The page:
Book Title: Atonement Camp for Unrepentant Homophobes
Author: Evan J. Corbin
Publisher: Atonement Book, LLC
Narrator: Christopher Solon
Release Date: January 5, 2021
Genre: Contemporary M/M Romance, Speculative Fiction, Humour.
Trope/s: Closeted, homophobic protagonist who comes out of the closet
Themes: Coming out, atonement to one’s self, cultural assimilation
Heat Rating: 1 - 2 flames
Length: 6 hours and 46 minutes
A homophobic preacher has a secret.
When Pastor Rick Harris is sent to a camp run by drag queens for society’s most irredeemable homophoboes, he confronts his identity and finds authenticity—both for himself and his community.
The oldest translation of a Gospel is returned to the world by a secret society long dedicated to its preservation. In it, Jesus explicitly condemns bigotry and homophobia. In a new world in which LGBTQ passengers receive preferential boarding for flights and the United States has elected its first lesbian President, Pastor Rick Harris is stalwart, closeted preacher who doggedly holds onto his increasingly unpopular convictions.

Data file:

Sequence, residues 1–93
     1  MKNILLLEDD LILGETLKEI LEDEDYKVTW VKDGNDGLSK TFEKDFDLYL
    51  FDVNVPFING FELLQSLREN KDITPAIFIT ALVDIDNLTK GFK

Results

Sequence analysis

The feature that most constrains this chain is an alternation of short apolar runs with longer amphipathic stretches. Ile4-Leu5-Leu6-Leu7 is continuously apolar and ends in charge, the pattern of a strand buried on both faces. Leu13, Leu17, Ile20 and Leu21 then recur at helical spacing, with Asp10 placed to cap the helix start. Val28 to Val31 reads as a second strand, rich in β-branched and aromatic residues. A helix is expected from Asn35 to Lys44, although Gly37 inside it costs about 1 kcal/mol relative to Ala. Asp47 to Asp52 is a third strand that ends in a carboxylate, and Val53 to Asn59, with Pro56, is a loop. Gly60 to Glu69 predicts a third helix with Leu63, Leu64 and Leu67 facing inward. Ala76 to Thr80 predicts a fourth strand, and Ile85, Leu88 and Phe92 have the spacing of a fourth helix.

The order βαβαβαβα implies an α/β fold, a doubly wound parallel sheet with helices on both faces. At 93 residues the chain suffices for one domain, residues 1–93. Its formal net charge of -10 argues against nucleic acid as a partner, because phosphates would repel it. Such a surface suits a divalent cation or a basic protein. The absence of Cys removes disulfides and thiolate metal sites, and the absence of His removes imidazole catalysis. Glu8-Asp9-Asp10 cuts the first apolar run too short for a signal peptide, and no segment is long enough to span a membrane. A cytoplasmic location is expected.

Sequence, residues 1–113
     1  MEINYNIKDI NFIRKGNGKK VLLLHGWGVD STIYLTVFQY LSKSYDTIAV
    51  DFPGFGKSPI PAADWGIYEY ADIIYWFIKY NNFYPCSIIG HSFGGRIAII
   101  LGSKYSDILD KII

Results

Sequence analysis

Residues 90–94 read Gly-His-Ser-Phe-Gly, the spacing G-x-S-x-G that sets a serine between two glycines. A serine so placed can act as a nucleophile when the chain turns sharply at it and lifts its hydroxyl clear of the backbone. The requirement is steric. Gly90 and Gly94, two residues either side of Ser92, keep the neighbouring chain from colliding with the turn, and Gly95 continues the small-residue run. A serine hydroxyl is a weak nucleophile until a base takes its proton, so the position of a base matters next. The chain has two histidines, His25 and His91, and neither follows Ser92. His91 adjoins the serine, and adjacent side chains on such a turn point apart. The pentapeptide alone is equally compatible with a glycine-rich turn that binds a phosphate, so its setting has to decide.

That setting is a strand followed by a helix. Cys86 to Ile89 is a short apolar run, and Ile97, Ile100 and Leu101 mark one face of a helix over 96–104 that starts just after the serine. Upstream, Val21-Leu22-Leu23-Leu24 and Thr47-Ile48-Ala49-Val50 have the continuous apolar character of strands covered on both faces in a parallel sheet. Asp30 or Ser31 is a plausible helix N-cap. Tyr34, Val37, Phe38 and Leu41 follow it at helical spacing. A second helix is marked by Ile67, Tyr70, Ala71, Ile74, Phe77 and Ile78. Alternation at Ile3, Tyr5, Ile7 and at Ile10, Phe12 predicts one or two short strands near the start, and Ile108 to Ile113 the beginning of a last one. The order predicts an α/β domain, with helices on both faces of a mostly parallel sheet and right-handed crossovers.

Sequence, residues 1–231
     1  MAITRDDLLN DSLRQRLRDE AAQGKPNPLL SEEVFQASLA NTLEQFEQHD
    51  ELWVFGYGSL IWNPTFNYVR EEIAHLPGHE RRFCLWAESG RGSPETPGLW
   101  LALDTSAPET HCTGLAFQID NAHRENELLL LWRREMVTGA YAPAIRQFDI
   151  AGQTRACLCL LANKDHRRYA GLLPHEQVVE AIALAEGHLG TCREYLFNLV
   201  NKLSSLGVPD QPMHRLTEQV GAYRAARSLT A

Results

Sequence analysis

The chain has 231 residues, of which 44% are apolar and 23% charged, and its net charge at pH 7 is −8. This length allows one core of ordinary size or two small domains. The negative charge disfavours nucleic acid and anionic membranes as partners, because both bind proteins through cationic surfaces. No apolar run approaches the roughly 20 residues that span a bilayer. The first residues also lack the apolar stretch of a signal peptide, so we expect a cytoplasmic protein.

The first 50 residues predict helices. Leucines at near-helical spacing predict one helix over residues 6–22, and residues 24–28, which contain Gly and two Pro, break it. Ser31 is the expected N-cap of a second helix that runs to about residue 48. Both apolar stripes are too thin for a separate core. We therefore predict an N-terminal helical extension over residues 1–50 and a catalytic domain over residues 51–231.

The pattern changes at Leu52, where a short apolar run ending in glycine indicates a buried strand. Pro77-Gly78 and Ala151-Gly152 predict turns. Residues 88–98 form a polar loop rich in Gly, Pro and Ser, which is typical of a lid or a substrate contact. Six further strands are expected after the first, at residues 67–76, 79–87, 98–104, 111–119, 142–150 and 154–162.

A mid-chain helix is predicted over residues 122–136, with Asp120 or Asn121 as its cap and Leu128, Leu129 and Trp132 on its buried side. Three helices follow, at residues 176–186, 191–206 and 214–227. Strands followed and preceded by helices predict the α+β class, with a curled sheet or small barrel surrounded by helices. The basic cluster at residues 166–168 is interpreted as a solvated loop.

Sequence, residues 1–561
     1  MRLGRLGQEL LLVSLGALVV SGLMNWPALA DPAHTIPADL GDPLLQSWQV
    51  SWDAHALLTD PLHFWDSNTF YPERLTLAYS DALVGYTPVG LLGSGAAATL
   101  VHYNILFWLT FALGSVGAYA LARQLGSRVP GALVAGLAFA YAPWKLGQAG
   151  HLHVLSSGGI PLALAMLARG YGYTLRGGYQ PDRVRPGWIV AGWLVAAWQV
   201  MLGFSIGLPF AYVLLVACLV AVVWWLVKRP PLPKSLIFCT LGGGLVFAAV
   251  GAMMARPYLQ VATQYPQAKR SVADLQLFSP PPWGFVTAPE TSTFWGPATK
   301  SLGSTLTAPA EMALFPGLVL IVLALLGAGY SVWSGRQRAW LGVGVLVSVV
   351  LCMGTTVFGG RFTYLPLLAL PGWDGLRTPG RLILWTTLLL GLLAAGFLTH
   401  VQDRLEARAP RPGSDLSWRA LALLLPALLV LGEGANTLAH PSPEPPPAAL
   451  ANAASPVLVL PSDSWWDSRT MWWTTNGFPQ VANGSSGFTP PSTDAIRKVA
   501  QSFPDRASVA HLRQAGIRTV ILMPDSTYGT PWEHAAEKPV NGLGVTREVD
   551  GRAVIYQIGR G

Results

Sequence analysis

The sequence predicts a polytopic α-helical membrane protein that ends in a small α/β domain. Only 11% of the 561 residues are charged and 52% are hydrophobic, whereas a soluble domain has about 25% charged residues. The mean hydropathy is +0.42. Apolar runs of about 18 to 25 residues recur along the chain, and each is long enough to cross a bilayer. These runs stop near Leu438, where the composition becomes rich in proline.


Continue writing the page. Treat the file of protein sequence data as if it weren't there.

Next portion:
When an incendiary sermon goes too far and offends an influential family, Rick makes a painful choice to keep his job: He attends an atonement camp run by drag queens for society’s most unrepentant and terminally incurable homophobes.
Atonement Camp is immersion therapy for Pastor Harris, and it might be working. An open bar with pedicures, a devastatingly attractive roommate and an endless supply of glitter help him manage to make new friends. Soon, Rick and his cohorts learn the camp may hold its own secrets. Amid the smiling faces and scantily clad pool boys who staff the camp, a clandestine group plots to discredit the New Revelation and everything it stands for.
If Rick has the conviction to confront his own hypocrisy, he might be able to uncover the conspirators with help from his adopted flock—and find new truths within himself.
CONTENT WARNING: This novel addresses issues related to the infliction of emotional abuse by a homophobic parent who suspects his son to be a homosexual. Separately, while not the author's intent, some readers may interpret the story's attempt to confront issues of religious hypocrisy as an assault on religion itself. No such conclusion is intended. Lastly, the novel follows a protagonist who, at times, uses hateful slurs to refer to members of the LGBTQ community. Such language is intended to give authenticity to a self-hating, closed member of that same community. Readers may appreciate the protagonist's growth as he embraces his sexuality and reconciles himself with his faith.
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